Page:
Okay - enough of that, let’s get on with the newsletter.



Ambition

I was talking to a stranger over the weekend about ambition. We both agreed that we’d gotten less ambitious since finishing college and moving to the bay area.

The first question is why?

(Disclaimer: I talk generally below, but I am really just talking about my own experiences from a short time living/working in the bay area)

Why

The roots of post-grad lack of ambition start with naivete and a lack of options. Most highly ambitious college seniors I know don’t join a big tech company like Facebook or Google.

But they don’t feel ready to start their own company and don’t have the network or skillset to join a high-quality early-stage start-up.

So they join a midstage, pre-IPO company.

It’s worth noting that these types of jobs are also the ones that are rewarded with the most social capital (at least in the short-term).

But, at least in my (extremely limited) experience, these jobs are less crazy than I imagined. I put in very “regular” hours and am rarely put in high-pressure situations to perform. I continue to learn things, but not in the same, all-consuming way I seemed to in college and not with the same passion.

I go to work each day, do a decent job, and then leave. And I am rewarded well for it! I am making more money at age 24 than I thought I ever would in my life.

“The three most harmful addictions are heroin, carbohydrates, and a monthly salary.”

- Nassim Taleb

I can’t help but wonder if there lies part of the problem. Once we get a taste of making money in tech and make friends across all of the tech companies, it’s hard not to fell the pull of climbing the closest mountain. It’s easy to forget that the reason I moved to SF was to take risks when I meet someone my age at Stripe making 300k.

And the worst part is, a certain degree of focus on money is actually rational. Many recent graduates have significant student debt.

There will, of course, be people argue that all of these things are good.

  • Focus more on being well-rounded, social, friendships

  • Money = freedom

  • Happiness > ambition

On a certain level, I agree. I also think comfort has a way of tricking you into forgetting the things you deeply care about. If you want to live a nice life and retire early, banking 300+k/year at Airbnb or Stripe is probably the way to go. But just because people around you want that doesn’t mean you also want that.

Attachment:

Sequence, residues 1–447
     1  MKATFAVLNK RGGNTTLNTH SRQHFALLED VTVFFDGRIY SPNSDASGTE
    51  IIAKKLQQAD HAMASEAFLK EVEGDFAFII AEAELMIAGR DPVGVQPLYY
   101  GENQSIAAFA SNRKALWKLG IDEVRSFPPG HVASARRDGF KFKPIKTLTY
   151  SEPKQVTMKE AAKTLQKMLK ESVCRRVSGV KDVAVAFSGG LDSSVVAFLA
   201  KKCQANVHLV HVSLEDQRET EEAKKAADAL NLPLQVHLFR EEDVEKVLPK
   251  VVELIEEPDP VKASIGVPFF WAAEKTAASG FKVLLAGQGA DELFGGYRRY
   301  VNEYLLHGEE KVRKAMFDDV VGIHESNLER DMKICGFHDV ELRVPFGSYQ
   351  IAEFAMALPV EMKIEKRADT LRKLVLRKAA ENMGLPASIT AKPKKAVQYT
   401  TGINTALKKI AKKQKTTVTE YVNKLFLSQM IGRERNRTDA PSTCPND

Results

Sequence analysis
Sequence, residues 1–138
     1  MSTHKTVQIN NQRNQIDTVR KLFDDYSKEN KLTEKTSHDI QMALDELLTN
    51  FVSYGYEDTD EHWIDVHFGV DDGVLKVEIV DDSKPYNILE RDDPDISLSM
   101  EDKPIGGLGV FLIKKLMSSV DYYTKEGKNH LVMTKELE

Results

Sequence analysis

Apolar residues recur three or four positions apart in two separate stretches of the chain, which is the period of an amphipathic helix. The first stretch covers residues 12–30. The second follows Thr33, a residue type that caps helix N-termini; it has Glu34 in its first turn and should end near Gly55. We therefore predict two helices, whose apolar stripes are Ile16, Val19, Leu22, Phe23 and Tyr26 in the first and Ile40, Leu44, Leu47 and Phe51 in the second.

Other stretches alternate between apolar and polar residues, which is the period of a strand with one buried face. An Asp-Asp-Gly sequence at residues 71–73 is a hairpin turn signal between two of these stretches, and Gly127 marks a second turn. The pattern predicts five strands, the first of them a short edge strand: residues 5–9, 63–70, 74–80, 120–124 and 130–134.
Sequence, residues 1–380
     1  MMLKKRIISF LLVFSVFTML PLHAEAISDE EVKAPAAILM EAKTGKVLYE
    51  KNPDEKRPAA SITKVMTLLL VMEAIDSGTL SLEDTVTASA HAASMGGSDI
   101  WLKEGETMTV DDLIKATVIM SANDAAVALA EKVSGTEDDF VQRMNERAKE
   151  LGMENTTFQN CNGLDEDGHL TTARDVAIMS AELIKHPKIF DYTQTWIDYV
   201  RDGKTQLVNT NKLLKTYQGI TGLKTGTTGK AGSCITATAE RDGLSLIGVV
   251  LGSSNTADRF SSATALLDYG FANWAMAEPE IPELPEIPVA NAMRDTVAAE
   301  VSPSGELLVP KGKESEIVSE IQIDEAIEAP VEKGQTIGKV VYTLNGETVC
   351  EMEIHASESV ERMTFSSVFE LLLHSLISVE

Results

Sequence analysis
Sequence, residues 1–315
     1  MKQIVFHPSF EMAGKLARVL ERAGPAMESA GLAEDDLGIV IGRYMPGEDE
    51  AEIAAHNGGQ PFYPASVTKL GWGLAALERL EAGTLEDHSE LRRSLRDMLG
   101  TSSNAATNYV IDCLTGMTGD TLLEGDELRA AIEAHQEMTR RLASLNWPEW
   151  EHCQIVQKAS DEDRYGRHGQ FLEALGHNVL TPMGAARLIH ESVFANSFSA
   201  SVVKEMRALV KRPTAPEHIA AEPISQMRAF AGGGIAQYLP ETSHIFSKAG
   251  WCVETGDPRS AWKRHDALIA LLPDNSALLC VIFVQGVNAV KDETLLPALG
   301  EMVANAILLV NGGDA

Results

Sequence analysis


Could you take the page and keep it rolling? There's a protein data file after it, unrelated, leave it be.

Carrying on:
At this point, you might also be thinking: THIS IS THE ULTIMATE FIRST WORLD PROBLEM.

Maybe - but I think it’s bigger than that. We need ambitious people to take risks for progress to happen. That feels important.


The followup, what can we do about it?

  • Just do it. I own my decisions. There is nothing stopping me from making less money in favor of more risk and ambition.

  • Encourage friends around you with similar goals to do the same.

  • Communities like On Deck are helping

That’s it. Thanks for reading this *rant*


So You Wanna Be a Chef— by Bourdain (h/t Trevor Mckendrick)

If you enjoy cooking at all, or are just obsessed with Anthony Bourdain in general (me) you will love this article.

I feel like every industry that gets glorified needs a letter like this.

Even though I have no plans to quit working in tech (ever really) - I feel like there’s a lot of lessons here.

If you’re twenty-two, physically fit, hungry to learn and be better, I urge you to travel—as far and as widely as possible. Sleep on floors if you have to. Find out how other people live and eat and cook. Learn from them—wherever you go. Use every possible resource you have to work in the very best kitchens that will have you—however little (if anything) they pay—and relentlessly harangue every possible connection, every great chef whose kitchen offers a glimmer of hope of acceptance. Keep at it. A three-star chef friend in Europe reports receiving month after month of faxes from one aspiring apprentice cook—and responding with “no” each time. But finally he broke down, impressed by the kid’s unrelenting, never wavering determination.

It very much depends on what you’re optimizing for, but it seems like a key to being great at anything is willing to make extreme sacrifices in the short term in exchange for long-term learning.

The ideal progression for a nascent culinary career would be to, first, take a jump straight into the deep end of the pool. Long before student loans and culinary school, take the trouble to find out who you are.

Are you the type of person who likes the searing heat, the mad pace, the never-ending stress and melodrama, the low pay, probable lack of benefits, inequity and futility, the cuts and burns and damage to body and brain—the lack of anything resembling normal hours or a normal personal life?

Or are you like everybody else? A normal person?

Find out sooner rather than later. Work—for free, if necessary—in a busy kitchen.

^I’m sure I would never have listened to any of this advice at 18 - but I can’t help but think this also applies to other industries.

If I understood what the day to day of a chemical engineer looked like before spending 4 years of my life studying it, it probably would have saved me a lot of pain and suffering.

Read it here.


My favorite skier, skiing in my favorite mountain range. It doesn’t get better than this 🙂


Inequality is one of the biggest problems we face today.

agree or disagree?

Here’s Paul Graham’s controversial take: